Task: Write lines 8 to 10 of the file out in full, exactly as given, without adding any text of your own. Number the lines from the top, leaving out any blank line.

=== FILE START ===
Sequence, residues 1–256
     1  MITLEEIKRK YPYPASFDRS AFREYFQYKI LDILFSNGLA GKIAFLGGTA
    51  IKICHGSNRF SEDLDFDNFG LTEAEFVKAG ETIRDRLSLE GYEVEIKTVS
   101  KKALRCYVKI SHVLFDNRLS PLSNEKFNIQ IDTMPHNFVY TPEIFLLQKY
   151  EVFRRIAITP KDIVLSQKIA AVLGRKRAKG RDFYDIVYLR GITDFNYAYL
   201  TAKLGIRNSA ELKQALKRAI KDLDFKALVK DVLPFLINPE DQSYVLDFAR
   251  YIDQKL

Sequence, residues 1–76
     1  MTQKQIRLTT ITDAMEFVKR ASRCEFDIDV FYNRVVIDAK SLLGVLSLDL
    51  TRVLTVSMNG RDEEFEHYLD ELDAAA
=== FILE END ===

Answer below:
Sequence, residues 1–76
     1  MTQKQIRLTT ITDAMEFVKR ASRCEFDIDV FYNRVVIDAK SLLGVLSLDL
    51  TRVLTVSMNG RDEEFEHYLD ELDAAA